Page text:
3. Sprout Production: Sprouters should implement appropriate practices
to ensure that sprouts are not produced in violation of the act which
prohibits the production of food under insanitary conditions which may
render food injurious to health (21 U.S.C. 342(a)(4)). In addition to
seed treatment and testing for pathogens, sprouters should maintain
facilities and equipment in a condition that will protect against contamination.
Facilities with poor sanitation can significantly increase the risk
of contaminating product. Sprouters should employ good sanitation practices
as a standard operating procedure to maintain control throughout all
stages of sprout production. Inadequate water quality and poor health
and hygienic practices can all increase the risk of food becoming contaminated
with pathogens. Sprouters may wish to review 21 CFR Part 110 which sets
forth good manufacturing practices (GMPs) in manufacturing, packaging,
or holding human food that cover these aspects of food production.
4. Seed Treatment: Seeds for sprouting should be treated with one or
more treatments (such as 20,000 ppm calcium hypochlorite) that have
been approved for reduction of pathogens in seeds or
sprouts. Some treatments can be applied at the sprouting facility while
others will have to be applied earlier in the seed production process.
However, at least one approved antimicrobial treatment should be applied
immediately before sprouting. Sprouters should carefully follow all
label directions when mixing and using antimicrobial chemicals.
or not: who can tell?
Food (Safety) Fight By: Richard Raymond
In a response to my last Food (Safety) Fight blog, Doug Craven described
a recent dining experience he and his wife Janice had. They had hamburgers
at a ¡°top rated fast food chain¡± that Mr. Craven described as having
¡°mushy meat¡± and the ¡°mouth appeal was way off¡±. It was Doug¡¯s idea
that maybe they had unknowingly consumed irradiated ground beef, and
that perhaps there had been some cleaving of the DNA molecules that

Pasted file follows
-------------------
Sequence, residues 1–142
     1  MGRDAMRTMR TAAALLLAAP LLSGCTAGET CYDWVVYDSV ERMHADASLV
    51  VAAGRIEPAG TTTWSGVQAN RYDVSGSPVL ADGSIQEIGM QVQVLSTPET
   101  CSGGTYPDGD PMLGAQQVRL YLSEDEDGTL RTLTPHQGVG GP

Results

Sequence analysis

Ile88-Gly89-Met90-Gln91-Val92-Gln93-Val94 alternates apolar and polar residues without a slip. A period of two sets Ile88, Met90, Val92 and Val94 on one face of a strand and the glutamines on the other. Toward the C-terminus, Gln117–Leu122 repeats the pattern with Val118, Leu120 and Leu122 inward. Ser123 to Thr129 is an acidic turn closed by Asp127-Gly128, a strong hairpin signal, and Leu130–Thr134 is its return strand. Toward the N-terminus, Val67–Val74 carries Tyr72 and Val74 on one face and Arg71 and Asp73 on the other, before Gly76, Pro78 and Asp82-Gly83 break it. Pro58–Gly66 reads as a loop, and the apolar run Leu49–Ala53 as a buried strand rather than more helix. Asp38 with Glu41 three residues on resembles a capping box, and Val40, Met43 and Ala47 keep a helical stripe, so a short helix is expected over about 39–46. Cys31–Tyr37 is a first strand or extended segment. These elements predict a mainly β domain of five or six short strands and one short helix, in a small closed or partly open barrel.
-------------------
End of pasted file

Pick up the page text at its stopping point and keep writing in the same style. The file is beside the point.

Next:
His response raises a few questions and concerns about irradiated beef.
First of all there is the difference between the high dose, penetrating
irradiation used with the intention of making the ground beef sterile
and the low dose, non-penetrating, whole carcass irradiation intended
to make all beef products safer, but not sterile. There are critical
differences between the two methods that need to be kept in mind as
any discussion of these food safety tools are discussed.
Secondly, and I do not know the answer to this question, can a restaurant
serve ground beef that has been irradiated for sterility and not disclose
that fact to the consumer? I seriously doubt it, and I also doubt a
restaurant would pay the higher price for irradiated ground beef that
would cut into its profit margin without advertising their product as
the safest burgers in town.
Thirdly is the question of the quality of the meat after irradiation.
Lactic Acid rinses do not change the texture or the quality of beef,
nor would low dose, non-penetrating, whole carcass irradiation. But
what about the high dose, penetrating radiation of ground beef? Does
it create s difference in quality and texture as Doug maintains it might?
Does it ¡°cleave¡± DNA molecules allowing them to ¡°leak¡±?
There are many anecdotal reports of serious changes in taste, quality
and texture as a result of irradiation. There are also many reports
that consumers could not differentiate irradiated foods from non-irradiated
foods in controlled study settings.
I am going to take the liberty to add my own anecdotal experience here.
Before I went to work in the food safety arena, I knew nothing about
carcass cooling methods for poultry, or what brands of ground beef were
irradiated. What my wife and I did know was that there was one brand
of chicken we preferred to eat because of taste and texture, and there
was one brand of ground beef that we preferred not to eat because of
taste and texture issues.
It was only after I learned who did what to ground beef and chicken
that I learned that it was the taste of air-chilled chicken that we
preferred, and that it was irradiated ground beef that we avoided. But
the irradiated ground beef was certainly not ¡°mushy¡± as Doug described
in his response.
So I have to wonder what else might have been going on in his hamburger.
0157:H7 present but not common in wildlife of nation¡¯s salad bowl
May 24, 2010
The disease-causing bacterium E. coli O157:H7 is present but rare in
some wildlife species of California¡¯s agriculturally rich Central Coast
region, an area often referred to as the nation¡¯s ¡°salad bowl,¡± reports
a team or researchers led by a UC Davis scientist.
The researchers, who are nearing completion of a massive field study
to help identify potential sources of E. coli O157:H7 near Central Coast
farms, presented their findings today during the annual meeting of the
American Society for Microbiology in San Diego. They reported finding
occasional E. coli O157:H7 infections in fecal samples of wildlife species
common to the area, including cowbirds, coyotes, crows, mice and feral